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30 When they had sung the hymn, they went out to the Mount of Olives.


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29. But I tell you. This sentence is put by Matthew and Mark immediately after the Holy Supper, when Christ had given the symbol of his blood in the cup; from which some infer that Luke relates here the same thing which we shall find him repeating shortly afterwards. But this difficulty is easily obviated, because it is of little importance in itself at what precise moment Christ said this. All that the Evangelists intend to state by it is, that the disciples were warned both of their Master’s approaching death, and of the new and heavenly life: for the more nearly the hour of his death approached, there was the greater necessity for them to be confirmed, that they might not altogether fall away. Again, as he intended to place his death before their eyes in the Holy Supper, as in a mirror, it was not without reason that he again declared that he was now leaving the world. But as this intelligence was full of sadness, a consolation is immediately added, that they have no occasion for shrinking from the thought of his death, which will be followed by a better life. As if he had said: “It is true, indeed, that I am now hastening to my death, but it is in order that I may pass from it to a blessed immortality, not to live alone without you in the kingdom of God, but to have you associated with me in the same life.” Thus we see how Christ leads his disciples by the hand to the cross, and thence raises them to. the hope of the resurrection. And as it was necessary that they should be directed to the cross of Christ, that by that ladder they might ascend to heaven; so now, since Christ has died and been received into heaven, we ought to be led from the contemplation of the cross to heaven, that death and the restoration of life may be found to agree.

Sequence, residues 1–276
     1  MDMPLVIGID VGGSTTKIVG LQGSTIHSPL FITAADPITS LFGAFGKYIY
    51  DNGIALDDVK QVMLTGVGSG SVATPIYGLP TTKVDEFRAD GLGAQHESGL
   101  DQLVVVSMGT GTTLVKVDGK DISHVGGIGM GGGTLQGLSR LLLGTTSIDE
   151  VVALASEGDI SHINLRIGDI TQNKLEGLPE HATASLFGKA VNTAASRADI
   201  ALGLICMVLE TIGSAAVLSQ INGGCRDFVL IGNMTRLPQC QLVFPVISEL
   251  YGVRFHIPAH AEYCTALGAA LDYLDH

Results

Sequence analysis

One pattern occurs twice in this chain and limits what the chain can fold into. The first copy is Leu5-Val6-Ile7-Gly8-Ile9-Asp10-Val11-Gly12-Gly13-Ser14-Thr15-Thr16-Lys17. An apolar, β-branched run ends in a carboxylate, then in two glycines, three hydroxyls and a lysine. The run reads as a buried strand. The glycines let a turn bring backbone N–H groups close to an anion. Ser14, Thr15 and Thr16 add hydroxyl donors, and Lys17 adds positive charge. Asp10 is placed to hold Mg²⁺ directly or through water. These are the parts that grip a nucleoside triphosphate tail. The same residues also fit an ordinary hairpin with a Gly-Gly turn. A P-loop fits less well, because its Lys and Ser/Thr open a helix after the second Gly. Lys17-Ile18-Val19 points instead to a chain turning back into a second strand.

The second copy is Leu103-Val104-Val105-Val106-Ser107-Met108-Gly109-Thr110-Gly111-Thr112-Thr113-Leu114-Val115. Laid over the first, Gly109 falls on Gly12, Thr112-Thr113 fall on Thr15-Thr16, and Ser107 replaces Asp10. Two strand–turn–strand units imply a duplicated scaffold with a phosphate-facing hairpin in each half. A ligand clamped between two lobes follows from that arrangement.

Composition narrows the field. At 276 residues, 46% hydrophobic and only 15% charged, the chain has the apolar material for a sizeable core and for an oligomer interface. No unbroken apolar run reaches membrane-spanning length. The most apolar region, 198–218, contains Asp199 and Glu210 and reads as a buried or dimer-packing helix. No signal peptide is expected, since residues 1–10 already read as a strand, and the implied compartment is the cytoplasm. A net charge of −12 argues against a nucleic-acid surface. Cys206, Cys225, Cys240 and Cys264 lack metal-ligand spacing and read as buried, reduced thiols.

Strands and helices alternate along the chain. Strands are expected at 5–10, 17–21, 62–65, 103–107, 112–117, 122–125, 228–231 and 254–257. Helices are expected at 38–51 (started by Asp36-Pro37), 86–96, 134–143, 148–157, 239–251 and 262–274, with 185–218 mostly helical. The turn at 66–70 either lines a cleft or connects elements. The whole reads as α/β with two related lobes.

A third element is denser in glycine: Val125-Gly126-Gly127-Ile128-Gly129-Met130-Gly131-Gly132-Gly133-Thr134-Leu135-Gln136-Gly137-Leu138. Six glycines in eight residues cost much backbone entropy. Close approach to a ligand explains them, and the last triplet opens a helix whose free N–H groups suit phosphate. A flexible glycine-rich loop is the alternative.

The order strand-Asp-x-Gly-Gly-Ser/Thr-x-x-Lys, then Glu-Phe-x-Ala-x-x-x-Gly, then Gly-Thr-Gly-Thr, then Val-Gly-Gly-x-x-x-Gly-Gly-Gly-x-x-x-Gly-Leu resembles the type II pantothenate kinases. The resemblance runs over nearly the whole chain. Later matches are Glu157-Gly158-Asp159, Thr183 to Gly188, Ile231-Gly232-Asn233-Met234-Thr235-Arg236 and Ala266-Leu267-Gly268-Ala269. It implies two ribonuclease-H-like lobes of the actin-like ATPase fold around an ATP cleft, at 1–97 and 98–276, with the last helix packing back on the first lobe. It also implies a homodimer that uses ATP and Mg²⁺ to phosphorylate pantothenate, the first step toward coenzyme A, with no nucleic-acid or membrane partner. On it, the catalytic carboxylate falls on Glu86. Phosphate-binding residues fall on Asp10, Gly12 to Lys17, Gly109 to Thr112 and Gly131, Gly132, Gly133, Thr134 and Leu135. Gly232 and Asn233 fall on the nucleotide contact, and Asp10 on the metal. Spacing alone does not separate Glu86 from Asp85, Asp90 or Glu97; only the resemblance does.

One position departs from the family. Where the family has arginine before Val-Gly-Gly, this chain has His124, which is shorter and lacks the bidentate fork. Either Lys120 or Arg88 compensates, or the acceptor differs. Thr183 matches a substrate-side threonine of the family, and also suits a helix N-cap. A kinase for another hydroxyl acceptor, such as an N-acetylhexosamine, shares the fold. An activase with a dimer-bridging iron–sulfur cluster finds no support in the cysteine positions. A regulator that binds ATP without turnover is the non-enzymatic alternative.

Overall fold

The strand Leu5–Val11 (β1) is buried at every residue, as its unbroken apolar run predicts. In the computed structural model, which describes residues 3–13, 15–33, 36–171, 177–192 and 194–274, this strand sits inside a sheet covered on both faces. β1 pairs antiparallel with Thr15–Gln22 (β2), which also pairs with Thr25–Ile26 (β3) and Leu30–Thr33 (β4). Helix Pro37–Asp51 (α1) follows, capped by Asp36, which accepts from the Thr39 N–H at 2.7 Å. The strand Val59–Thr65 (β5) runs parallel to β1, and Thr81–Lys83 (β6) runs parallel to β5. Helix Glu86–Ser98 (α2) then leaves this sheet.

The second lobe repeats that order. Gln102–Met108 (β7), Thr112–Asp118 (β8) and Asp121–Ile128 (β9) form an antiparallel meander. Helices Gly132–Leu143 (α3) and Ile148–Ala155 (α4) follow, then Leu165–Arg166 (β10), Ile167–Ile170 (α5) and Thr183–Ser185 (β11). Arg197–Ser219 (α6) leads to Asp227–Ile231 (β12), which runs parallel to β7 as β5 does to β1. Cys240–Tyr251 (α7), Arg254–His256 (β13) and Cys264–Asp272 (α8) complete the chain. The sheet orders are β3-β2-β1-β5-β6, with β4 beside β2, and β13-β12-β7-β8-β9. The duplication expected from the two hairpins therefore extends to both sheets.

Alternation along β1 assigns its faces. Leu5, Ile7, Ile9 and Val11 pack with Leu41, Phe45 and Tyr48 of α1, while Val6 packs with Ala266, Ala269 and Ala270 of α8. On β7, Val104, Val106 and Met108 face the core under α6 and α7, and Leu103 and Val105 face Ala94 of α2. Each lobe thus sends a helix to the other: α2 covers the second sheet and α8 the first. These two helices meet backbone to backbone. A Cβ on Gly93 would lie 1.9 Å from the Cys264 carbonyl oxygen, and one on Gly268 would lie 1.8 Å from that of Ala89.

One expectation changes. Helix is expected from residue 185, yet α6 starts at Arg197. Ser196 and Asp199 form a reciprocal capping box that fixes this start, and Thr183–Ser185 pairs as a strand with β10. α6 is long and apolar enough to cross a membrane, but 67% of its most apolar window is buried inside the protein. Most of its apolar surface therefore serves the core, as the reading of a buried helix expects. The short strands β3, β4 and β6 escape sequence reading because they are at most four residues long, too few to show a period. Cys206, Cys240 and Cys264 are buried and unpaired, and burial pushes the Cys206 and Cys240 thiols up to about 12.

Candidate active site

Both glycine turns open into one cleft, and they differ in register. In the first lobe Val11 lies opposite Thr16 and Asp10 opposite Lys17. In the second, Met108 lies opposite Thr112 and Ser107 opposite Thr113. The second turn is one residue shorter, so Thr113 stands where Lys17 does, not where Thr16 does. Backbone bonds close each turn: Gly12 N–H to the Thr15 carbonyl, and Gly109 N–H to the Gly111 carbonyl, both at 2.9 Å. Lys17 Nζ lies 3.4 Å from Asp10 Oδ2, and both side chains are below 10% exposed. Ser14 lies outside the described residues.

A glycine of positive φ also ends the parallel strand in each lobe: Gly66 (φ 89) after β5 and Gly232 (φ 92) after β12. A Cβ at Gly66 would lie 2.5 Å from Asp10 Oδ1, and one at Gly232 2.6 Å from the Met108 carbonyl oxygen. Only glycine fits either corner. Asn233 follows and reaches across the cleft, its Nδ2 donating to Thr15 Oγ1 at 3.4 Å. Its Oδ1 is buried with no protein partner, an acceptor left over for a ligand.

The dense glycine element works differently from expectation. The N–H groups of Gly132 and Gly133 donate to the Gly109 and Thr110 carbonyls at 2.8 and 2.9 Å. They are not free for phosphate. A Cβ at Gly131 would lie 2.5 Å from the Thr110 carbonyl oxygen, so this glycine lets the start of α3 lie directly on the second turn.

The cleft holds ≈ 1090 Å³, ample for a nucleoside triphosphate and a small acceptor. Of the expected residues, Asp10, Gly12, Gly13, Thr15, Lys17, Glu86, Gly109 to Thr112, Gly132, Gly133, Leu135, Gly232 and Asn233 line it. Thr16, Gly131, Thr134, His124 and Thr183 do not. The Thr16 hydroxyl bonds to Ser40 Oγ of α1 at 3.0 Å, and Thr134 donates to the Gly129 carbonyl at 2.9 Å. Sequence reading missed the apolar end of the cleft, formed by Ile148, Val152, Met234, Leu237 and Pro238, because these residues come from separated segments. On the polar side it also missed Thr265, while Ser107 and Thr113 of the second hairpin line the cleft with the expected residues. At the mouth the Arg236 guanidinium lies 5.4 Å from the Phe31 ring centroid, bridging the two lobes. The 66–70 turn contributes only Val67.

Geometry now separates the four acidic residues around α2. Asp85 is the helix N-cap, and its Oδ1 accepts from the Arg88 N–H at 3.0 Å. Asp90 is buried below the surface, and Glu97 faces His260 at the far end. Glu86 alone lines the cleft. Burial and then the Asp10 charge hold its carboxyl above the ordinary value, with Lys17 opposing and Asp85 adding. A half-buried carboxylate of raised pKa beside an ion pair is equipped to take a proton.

Till that day when I shall drink it new with you. It is plain from these words that he promises to them a glory which they will share with himself. The objection made by some —that meat and drink are not applicable to the kingdom of God—is frivolous; for Christ means nothing more than that his disciples will soon be deprived of his presence, and that he will not henceforth eat with them, until they enjoy together the heavenly life. As he points out their being associated in that life, which needs not the aids of meat and drink, he says that there will then be a new kind of drinking; by which term we are taught that he is speaking allegorically. Accordingly, Luke simply says, until the kingdom of God come. In short, Christ recommends to us the fruit and effect of the redemption which he procured by his death.

The opinion entertained by some—that these words were fulfilled, when Christ ate with his disciples after his resurrection is foreign to his meaning; for, since that was an intermediate condition between the course of a mortal life and the end of a heavenly life, the kingdom of God had not, at that time, been fully revealed; and therefore Christ said to Mary,

Touch me not, for I have not yet ascended to my Father,
(John 20:17.)

Besides, the disciples had not yet entered into the kingdom of God, so as to drink new wine with Christ, being partakers of the same glory. And when we read that Christ drank after his resurrection, though he declared that he would not do so until he had assembled his disciples in the kingdom of God, the apparent contradiction is easily removed. For it is not exactly of meat and drink that he speaks, but of the intercourse of the present life. Now we know that Christ did not at that time drink for the purpose of invigorating his body by food, or of holding intercourse with his disciples, but only to prove his resurrection—of which they were still doubtful—and thus to raise their minds on high. Let us therefore rest satisfied with the natural meaning, that our Lord promises to his disciples that, having hitherto lived with them on earth as a mortal man, he will hereafter make them his associates in a blessed and immortal life.




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